As a response to criticism of state spending since the start of his term, Joe Biden has sought to demonstrate to elected officials, but also and above all to voters, that his stimulus policy is working. He painted the picture of an American economy which is recovering very quickly, with an unemployment rate of only 3.4%, the lowest in 50 years, and the creation of 800,000 industrial jobs. Inflation is slowing, he added, while conceding that there was still work to be done.
Unite against autocracies
Joe Biden spent much of his speech talking about the economy. After all, the State of the Union address is primarily for Americans. The subject of Ukraine, which he had discussed at length last year during his first speech, just after the Russian invasion, was briefly mentioned this time. The Head of State promised to continue to support kyiv, a symbol of the “defense of democracy”, “as long as it takes”. Here again, he will have to find a compromise with the Republicans. Some MAGA elected officials are indeed calling for the end of financial aid to Ukraine, even if the subject is debated internally.
The American president also had harsh words for China, a few days after the case of the “spy balloon” which flew over the United States before being shot down. The Republican Party has taken up this affair and continues to tirelessly denounce the “weakness” of the American reaction, which is too late for its taste. “Make no mistake about it: as we clearly showed last week, if China threatens our sovereignty, we will act to protect our country. And we have done it”, replied Joe Biden before calling for the American unity against Beijing. “Winning the competition against China should unite us all.” “Over the past two years, democracies have become stronger, and autocracies weaker,” he continued.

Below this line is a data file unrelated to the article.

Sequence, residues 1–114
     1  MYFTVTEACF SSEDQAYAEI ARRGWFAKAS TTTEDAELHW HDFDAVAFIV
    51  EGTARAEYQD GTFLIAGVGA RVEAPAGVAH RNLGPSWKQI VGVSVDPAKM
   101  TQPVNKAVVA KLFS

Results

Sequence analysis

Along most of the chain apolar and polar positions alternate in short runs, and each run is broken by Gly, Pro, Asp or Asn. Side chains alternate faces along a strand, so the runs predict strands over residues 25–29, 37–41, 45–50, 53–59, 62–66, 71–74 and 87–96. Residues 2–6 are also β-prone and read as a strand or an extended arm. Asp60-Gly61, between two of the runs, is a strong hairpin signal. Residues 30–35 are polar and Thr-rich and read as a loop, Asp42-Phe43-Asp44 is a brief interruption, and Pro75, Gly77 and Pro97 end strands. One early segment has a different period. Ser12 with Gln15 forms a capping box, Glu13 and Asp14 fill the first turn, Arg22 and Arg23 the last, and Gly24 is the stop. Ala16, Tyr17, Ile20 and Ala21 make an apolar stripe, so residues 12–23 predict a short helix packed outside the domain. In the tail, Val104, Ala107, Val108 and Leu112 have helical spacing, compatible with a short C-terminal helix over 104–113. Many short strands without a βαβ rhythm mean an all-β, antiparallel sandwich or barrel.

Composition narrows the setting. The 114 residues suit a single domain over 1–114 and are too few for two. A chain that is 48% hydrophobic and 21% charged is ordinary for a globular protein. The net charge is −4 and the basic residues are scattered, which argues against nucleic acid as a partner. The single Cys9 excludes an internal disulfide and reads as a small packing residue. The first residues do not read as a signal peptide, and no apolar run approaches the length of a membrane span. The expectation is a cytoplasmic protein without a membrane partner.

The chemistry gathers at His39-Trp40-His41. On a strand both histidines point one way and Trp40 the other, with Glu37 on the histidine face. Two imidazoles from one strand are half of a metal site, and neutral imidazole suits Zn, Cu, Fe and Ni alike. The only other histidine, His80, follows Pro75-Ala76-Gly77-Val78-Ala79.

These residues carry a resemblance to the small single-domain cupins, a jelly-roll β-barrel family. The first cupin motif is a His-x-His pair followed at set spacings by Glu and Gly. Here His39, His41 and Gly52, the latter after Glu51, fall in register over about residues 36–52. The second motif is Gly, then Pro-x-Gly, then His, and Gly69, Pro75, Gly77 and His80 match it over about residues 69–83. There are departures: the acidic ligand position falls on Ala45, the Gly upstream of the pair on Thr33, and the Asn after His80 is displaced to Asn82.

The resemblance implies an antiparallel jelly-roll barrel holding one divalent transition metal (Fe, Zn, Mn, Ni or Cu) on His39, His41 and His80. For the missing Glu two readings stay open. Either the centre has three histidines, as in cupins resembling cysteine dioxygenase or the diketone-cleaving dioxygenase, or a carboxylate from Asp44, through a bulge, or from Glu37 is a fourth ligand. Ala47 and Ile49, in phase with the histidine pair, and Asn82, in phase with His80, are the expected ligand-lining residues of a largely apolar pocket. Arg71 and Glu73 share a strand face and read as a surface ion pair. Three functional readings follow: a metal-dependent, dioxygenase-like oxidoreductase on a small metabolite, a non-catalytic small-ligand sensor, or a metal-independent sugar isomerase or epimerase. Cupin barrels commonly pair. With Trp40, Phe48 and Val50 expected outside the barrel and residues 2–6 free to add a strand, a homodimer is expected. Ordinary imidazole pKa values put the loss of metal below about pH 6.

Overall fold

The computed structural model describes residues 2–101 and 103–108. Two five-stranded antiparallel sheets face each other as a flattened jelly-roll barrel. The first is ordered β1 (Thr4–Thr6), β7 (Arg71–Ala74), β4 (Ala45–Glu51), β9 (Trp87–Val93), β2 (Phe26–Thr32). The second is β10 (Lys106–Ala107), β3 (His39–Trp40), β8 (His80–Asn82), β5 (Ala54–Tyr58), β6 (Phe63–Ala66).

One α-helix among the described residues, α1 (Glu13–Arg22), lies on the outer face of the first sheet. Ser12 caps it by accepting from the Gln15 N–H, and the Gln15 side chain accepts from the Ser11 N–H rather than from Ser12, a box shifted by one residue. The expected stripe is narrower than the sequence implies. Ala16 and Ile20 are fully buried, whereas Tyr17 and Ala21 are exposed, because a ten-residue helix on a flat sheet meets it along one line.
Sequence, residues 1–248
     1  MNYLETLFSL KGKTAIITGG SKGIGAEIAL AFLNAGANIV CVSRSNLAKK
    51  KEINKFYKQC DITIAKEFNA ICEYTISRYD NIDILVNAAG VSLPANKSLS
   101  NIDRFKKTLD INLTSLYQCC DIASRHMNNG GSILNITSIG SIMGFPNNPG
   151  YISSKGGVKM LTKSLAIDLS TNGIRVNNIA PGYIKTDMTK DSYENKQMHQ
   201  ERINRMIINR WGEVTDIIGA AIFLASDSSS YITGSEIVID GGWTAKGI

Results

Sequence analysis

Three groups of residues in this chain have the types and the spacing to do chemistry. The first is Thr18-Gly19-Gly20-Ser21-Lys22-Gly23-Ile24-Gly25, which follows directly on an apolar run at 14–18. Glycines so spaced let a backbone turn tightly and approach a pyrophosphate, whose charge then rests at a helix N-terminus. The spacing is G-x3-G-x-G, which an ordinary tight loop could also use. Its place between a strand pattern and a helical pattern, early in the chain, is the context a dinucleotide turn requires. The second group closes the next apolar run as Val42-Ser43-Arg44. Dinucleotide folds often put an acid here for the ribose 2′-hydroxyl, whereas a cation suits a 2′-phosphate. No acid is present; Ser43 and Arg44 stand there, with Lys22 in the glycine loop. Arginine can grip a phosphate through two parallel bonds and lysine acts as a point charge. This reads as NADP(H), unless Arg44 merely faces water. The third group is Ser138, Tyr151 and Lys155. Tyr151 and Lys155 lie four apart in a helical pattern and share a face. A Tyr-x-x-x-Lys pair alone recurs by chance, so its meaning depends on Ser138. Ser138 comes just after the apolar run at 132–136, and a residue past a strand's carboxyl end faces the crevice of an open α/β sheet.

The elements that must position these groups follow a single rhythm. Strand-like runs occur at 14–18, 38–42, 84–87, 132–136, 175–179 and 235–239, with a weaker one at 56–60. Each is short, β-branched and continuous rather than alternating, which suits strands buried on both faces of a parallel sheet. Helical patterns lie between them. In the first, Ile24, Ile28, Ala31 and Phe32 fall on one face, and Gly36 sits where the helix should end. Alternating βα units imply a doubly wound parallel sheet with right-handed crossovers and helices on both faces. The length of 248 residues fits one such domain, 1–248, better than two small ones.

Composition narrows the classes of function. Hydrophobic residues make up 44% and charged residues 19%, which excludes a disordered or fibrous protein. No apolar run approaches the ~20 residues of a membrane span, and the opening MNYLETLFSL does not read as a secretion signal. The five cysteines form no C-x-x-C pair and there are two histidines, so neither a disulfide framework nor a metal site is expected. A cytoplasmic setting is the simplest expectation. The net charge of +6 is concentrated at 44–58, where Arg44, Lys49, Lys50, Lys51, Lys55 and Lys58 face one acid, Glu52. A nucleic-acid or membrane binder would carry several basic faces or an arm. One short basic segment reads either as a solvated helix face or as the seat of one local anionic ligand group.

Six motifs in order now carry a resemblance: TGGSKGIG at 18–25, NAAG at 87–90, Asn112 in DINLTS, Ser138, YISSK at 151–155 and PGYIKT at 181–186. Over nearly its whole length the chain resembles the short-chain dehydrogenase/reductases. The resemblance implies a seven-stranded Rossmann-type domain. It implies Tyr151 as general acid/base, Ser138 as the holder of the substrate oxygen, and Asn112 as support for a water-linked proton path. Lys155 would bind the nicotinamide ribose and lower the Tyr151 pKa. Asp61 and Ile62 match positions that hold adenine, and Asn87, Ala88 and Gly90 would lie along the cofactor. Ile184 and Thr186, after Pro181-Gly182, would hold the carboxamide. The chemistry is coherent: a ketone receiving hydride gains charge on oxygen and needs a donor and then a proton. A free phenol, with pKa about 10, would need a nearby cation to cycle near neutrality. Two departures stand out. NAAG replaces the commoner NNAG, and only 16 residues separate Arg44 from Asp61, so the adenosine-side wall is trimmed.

>> “Spy balloon”: “China will increase the pressure in its regional environment”
Throughout his speech, Joe Biden reiterated his calls for national cohesion and political compromise where possible: the fight against opiates, cancer research, support for veterans… But he also showed that he was ready to fight to defend certain values if necessary. “If Congress passes a law prohibiting abortion at the federal level, I will veto it,” he said.
The outstretched but firm hand
The Democratic president, who could announce his candidacy for 2024 in the coming weeks, has every interest in playing – at prime time – this card of the outstretched but firm hand, regardless of whether his chances of success are close to zero. Because in the event of political paralysis, he does not wish to be held responsible by the voters. Above all, he continues to think of himself as the one who can “reconcile America” and “heal the soul of the nation”, as he said in 2020 during the race for the White House. “We must see ourselves not as enemies, but as fellow Americans,” he said at the end of his speech, as if he was already back in the campaign.